Have you ever asked yourself what makes some freelancers succeed and easily grow their customer base while others can't even retain the existing clients? Why some freelancers can make a full-time career out of it while others can't even break-even? As they say, the devil is in the details and these details are rather small things that make a huge difference.
Don't create problems, create solutions
My supervisor once said "Anar don't create problems for a client, come up with solutions". This is even more important when we talk about a freelance marketplace. Most of your clients don't have time, they are busy entrepreneurs or managers, that come to you for your expertise and help. They definitely don't come to you to hear one sentence phrases that tell them they have a problem with no roadmap on how to solve it:
- "Your server doesn't work"
- "You need SSL"
- "Everything works on my end, so it should work on your's as well."
Let's dissect one of these sentences and understand what the issue here is.
Imagine you visit a doctor and due to a problem with your nails. The doctor takes a look at your nails and says "You have a nail fungus, thank you for coming, bye bye". Now you are sitting in the doctor's office and thinking to yourself "Why did I even come here? May as well just Googled it, would've saved myself a trip".
It is exactly the same situation with your clients. If your client has an issue with a server, instead of telling them that they have an issue with a server you can break it down and give them a step-by-step approach on how to solve it. For instance, "Hey Fred, I noticed that your Amazon AWS is not setup so we have a trouble uploading a website. Since AWS is not an area of our expertise we recommend getting an AWS Deployment Expert and here are her details: email@example.com. Alternatively, you can get a server on Hostgator.com and we can upload it there for you."
Do you see the difference between these 2 sentences? First one, assumes that the client has a technical understanding of everything that is happening (which is not the case most of the time) and it also gives no suggestions to the client on how they should go about fixing it. The second sentence, on the other hand explains the situation and tells the client what and how they need to do to fix the problem.
Don't show frustration to the clients
It is ok to feel frustrated and upset, at the end of the day we are all humans and not robots. However what is not ok is to show that to clients. Big no-nos are rolling eyes, that one word "fine" that shows that you are just doing someone a favor and passive aggressive remarks. Now since, we are people and can get emotional it is totally understandable if it slips once or so but what is not ok is if that becomes a consistent way of you dealing with a disagreement. As a freelancer you need to understand that ideal clients doesn't exist and you will have disagreements every once in a while but being able to solve those disagreements calmly with a rational justification of your stance is what separates those who are good from those who are great. Let me give you an example how to handle a client that might ask for something that is out of scope:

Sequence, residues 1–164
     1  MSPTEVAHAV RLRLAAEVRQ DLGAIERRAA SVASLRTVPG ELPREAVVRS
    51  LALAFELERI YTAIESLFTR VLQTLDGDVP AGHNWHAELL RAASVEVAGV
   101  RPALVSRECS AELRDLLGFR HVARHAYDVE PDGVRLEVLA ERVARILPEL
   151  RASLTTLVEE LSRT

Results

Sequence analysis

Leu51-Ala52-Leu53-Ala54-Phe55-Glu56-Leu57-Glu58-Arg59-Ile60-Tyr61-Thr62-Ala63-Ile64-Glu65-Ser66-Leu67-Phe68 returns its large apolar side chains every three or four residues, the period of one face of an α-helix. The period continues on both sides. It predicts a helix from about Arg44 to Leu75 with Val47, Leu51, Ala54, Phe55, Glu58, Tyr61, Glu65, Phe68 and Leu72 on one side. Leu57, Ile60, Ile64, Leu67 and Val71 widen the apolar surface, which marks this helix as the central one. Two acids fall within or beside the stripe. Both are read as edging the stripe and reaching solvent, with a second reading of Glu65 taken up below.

" Hello Fred, I understand that the clip art visualization feature is very important for you and I can see how it can be a great addition to this app. When reviewing, our initial spec I saw that we didn't include this feature in the scope so obviously we didn't plan for it. However, I would be more than happy to add it for you as a change request. It will take additional 7 hours of work (5 for the backend and 2 for the frontend) and would cost 7x$30=$210. Please let me know if that works for you and we can action it as soon as possible."
Always remember, no one can force you to do anything and especially no one can make you do something you didn't agree to. So there is really no reason for frustration, the only thing that showing frustration does is ruins your relationships and destroys your mood. If you need to release your emotions, that is a separate topic and you need to look into boxing, bjj, yoga and etc, but definitely don't release your emotions with the clients. It is not mature and the consequences are a lost client. People generally mirror each other, so if you are frustrated they will be frustrated, if you are calm and rational, they will become calm and rational.
Don't dismiss cultural diversity
As a freelancer you are in a global marketplace and you are interacting with people of different cultures and backgrounds. If you really want to be ahead of competition, open google search and spend 15-30 minutes learning about the person's culture. They say "Dear Fred", you say "Dear Gregory", they call you "Sir" definitely don't call them "buddy/bro/man", they are from "Azerbaijan" then do a quick google to see if there are any Azerbaijani holidays coming up. These little things might seem like nothing but they will transform your relationships with clients from a mere merchandise to a proper friendship. Who knows you might even get a big tip and more referrals from this very client. Sky is the limit when you make your clients feel special.
Some will say, "Why should I learn about their culture? They should learn about my culture." That's a fair stance, however that stance will cost you money, cost you high ratings and cost you a tremendous success that you can achieve. So if you want to keep that view don't complain about other freelancers surpassing you and making laps around you.
We live in a world that is very opinionated and everyone has their own opinions on everything. Someone can read this article and say it doesn't work for them. I will tell these people to look into number. Opinions are subjective, numbers are not. The numbers tell us that those who are more thoughtful and caring towards their clients get more orders, more recognition and ultimately more enjoyable experience of freelancing.